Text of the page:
It feels as though Gemma Arterton has gone from ingenue to leading lady in the blink of an eye. As she returns to mainstream cinema after a self-imposed absence, she is ready to claim her freedom — freedom to choose, to change her mind, and, most importantly, to be herself. Interview by NICK SCOTT.
  • fashion director Grace Gilfeather

  • by Nick Scott

  • photography Mariano Vivanco

Fern double-breasted suit in bamboo, Caroline Andrew; tan leather double-monk strapshoes, Crockett & Jones; white-gold 18-carat and diamond droplet earrings, Meváris.

Had you taken a stroll on Wimbledon Common during the latest U.K. lockdown and encountered a conspicuously elegant woman muttering Gallic phrases to herself — she would have been shy of five-feet-six, with auburn hair, and dressed in a style she herself has referred to as ‘French punk’ — it’s likely the woman in question would actually have been born north of la Manche, in the Kent town of Gravesend.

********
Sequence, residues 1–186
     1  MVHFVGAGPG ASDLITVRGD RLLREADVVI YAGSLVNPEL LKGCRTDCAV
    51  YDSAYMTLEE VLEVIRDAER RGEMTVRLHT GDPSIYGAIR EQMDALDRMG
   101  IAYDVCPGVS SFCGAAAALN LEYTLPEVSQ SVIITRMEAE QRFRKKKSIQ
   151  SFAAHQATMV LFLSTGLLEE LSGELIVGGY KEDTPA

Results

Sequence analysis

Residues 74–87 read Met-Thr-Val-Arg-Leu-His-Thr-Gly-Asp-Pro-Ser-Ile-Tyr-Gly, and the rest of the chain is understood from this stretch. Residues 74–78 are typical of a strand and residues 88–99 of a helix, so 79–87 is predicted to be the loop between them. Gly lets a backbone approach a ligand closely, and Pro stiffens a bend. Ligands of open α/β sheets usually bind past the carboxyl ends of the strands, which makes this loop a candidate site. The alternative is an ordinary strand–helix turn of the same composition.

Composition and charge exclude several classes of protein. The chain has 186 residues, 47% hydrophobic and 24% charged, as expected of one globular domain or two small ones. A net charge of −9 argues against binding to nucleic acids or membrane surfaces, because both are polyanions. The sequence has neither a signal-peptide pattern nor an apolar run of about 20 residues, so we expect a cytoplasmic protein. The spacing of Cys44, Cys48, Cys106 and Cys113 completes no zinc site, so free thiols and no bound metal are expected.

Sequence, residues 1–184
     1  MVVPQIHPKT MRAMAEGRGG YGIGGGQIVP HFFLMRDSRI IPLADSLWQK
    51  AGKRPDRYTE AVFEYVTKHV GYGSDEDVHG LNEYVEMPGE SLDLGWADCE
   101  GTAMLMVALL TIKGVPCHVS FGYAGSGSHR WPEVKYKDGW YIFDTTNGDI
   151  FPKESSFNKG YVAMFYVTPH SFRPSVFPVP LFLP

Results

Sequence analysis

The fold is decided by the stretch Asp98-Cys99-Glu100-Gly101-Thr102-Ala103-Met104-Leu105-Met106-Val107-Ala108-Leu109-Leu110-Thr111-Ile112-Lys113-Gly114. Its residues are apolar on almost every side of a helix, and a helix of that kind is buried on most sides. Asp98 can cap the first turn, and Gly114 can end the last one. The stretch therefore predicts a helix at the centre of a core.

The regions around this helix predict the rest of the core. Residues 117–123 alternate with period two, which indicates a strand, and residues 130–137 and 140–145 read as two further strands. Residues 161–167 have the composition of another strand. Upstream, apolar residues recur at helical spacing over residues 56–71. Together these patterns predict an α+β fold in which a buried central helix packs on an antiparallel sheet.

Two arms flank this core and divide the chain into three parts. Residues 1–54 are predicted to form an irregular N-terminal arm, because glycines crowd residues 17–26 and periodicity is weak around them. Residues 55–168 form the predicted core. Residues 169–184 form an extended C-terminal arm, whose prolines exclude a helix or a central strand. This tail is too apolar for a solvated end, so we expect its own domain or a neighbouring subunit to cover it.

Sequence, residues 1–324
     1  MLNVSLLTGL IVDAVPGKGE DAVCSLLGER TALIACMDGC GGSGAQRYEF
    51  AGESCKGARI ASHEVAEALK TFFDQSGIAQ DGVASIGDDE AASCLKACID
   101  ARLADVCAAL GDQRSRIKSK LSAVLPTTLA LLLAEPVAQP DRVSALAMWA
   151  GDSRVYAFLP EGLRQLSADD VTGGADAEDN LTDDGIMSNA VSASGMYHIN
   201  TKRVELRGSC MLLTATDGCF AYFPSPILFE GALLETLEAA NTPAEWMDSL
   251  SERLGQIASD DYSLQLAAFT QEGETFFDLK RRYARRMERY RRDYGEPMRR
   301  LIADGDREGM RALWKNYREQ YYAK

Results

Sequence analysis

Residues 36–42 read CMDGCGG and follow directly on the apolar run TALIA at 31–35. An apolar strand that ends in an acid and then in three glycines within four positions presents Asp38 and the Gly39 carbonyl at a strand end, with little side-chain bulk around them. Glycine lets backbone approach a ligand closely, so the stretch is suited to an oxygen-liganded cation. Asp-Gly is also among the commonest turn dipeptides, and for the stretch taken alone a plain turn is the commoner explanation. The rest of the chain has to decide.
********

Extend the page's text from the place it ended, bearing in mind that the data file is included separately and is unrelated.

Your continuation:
“Sometimes I’ll go out on a walk and I’ll speak to myself in French, like a crazy person, just to see if I can remember certain words and things,” Gemma Arterton tells The Rake. She learned to speak the language fluently for the 2014 comedy-drama adaptation of Posy Simmonds’ graphic novel Gemma Bovery. “I’m quite lucky where I live because I’m close to a lot of green spaces,” Arterton adds. “Wimbledon Common is the biggest area of natural heathland in London, so you can get a bit lost there. It feels like you’re not in London, even when you can still hear the traffic in the distance, and planes going overhead.”


February 2021


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